I have decided to make the cabinets, I will be needing some thing better
than my contractor saw. I can buy a good delta rockwell unisaw for about
$800, or buy one of the new imports for a little more. Any input? I have
mostly metal working tools so the saw will have to live in the garage for
the project, and I will most likely sell the saw in the next 2 years. Here
is my shop
as you can see no working room for a table saw on the big stuff. I have
found 3 leeds on delta unisaws in the $800 range, now have the large fence
so I would need to add that not sure where best to buy that. Thanks for all
if by contractor's saw you mean plastic body universal motor aluminum
top benchtop machine then yes, you need better. if you mean iron top
belt drive open base induction motor, it can be made to do what you
you're a metalworker. you'll have no problem fabbing a set of rails
for a biesemeyer fence, which can be had for a good price from the
manufacturer's scratch-n-dent website:
There's an ad in the current "Woodshop News" for a company selling
factory refurbished Unisaws with 50" Bies fence for $1200. A 6 month
warranty is included.
I can't remember the name of the place, and the mag isn't here. <G>
Wander on over to Old Woodworking Machines ( http://www.owwm.com/ ) and take
a good look around. With your metal working experience I doubt there's
little you could not fix. From many different posts over the past couple of
years, $800 is a price for a saw in good to excellent condition - unless
you're located in upstate NY then $800 only buy's you a real beat up Uni.
But if you can get your hands on one with a good fence, either the Unifence
or a Biesemeyer - go for it. Either fence will work nicely. I had a
Unifence and really liked it but when I sold my Delta CS, I went with a Jet
cabinet saw and that came with a Bies like clone. Also a good fence, so
don't turn an otherwise good deal down. You could make a Bies like fence
yourself since it's made from off-the-shelf, rectangular steel tubing and
some L stock. Take a look at one and you'll be saying - piece of cake.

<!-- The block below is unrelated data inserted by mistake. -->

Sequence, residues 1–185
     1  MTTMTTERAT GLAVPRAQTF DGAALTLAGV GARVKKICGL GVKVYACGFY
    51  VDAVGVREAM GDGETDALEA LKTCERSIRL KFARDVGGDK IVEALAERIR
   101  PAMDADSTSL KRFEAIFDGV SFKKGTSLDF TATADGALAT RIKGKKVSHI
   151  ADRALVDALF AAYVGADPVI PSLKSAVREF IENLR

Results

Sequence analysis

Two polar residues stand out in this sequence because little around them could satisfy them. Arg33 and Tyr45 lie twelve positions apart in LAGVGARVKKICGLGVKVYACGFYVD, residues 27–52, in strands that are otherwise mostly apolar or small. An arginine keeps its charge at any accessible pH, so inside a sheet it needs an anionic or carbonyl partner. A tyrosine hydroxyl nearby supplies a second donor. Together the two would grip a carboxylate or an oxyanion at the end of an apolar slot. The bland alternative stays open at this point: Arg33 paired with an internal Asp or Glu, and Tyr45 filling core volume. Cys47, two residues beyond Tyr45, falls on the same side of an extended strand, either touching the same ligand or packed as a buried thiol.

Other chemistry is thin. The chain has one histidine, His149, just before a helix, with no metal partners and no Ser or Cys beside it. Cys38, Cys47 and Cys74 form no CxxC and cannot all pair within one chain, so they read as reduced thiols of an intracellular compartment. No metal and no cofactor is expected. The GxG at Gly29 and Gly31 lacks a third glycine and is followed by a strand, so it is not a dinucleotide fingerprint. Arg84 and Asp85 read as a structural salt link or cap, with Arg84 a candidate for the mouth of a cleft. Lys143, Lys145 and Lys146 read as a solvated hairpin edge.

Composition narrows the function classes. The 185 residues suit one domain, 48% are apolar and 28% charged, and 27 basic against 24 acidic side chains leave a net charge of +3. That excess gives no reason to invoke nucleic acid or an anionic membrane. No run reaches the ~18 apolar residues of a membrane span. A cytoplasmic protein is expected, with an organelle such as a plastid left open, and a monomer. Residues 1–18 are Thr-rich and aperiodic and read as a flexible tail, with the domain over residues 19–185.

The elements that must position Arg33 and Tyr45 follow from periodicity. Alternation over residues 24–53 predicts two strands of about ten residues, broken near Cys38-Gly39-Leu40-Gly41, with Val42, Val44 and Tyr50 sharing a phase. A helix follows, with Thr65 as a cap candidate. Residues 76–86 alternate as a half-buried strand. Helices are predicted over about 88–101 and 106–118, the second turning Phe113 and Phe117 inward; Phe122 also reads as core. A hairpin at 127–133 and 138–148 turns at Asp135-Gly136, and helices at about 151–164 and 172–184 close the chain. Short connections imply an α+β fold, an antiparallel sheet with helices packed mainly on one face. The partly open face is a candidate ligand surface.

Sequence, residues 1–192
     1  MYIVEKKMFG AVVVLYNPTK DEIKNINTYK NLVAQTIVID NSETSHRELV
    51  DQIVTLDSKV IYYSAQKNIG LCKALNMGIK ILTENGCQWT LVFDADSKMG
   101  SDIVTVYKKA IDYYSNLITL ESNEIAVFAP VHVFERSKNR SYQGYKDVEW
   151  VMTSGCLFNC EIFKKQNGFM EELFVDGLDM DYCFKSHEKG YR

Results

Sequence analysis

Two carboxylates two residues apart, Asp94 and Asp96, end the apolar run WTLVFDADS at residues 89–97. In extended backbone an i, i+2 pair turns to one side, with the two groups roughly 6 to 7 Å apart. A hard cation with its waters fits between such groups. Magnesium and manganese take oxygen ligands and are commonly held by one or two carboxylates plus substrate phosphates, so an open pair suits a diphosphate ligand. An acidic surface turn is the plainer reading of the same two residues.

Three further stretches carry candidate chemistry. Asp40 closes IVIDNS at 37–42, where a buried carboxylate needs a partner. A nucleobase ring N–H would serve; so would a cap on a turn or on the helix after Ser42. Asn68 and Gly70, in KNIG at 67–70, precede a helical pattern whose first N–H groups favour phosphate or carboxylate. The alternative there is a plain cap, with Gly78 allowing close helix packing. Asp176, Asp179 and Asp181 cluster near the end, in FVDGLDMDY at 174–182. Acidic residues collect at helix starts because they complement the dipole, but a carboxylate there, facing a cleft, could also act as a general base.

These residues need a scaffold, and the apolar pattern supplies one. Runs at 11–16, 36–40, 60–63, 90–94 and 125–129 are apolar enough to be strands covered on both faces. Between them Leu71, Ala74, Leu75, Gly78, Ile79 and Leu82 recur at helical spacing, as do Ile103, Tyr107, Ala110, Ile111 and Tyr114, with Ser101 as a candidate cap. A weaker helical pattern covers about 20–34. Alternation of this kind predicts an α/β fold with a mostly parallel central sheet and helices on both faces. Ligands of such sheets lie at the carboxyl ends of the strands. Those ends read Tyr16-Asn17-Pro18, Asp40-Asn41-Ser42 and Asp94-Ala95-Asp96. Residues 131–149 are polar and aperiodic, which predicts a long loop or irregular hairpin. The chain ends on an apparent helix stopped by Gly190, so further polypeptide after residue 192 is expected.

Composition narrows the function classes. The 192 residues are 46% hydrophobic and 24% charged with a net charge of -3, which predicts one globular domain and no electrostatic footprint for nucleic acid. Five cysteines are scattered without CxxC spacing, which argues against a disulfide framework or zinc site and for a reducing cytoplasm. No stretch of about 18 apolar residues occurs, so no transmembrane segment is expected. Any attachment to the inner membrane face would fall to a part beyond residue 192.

And yes, when you go to sell it, you'll most likely get your money back out
of it too. Be sure to advertise it here first though. I sold my Delta
34-444Z CS in a matter of hours right here.
Good decision to build your own. You'll curse the day you started making
them and then brag about them the rest of your life. Face it - you're gonna
screw up at least one door big time - so have a little extra wood on hand.
Save the mistake, nail it to the wall and say "Now that's behind me, I can
build the rest of them right".
If you already have a decent Delta (what model?) then just invest in a
couple of blades - 24-30 tooth rip and an 60-80 tooth cross-cut. Tune that
puppy up and you're good to go. You do not need a Unisaw to make cabinets.
If you're planning on cutting thru 3" thick hard maple then that 1.5hp motor
is not enough but for everything else - it will be fine. My Delta CS was a
fine tablesaw and the only reason I went to a 3hp saw was because I did have
some 3" thick hard maple to cut. Was making a French door set, windows and
another entry door for my niece's renovation so I did need more lead in the
Depending on the model, I (and others) have posted procedures on how to tune
a Delta CS. The models that have the dual trunnion bars in the
undercarriage. Add a good miter gauge like an Incra (www.incra.com ) and
you'll have a mean machine. I have both the 1000 and 2000 models of the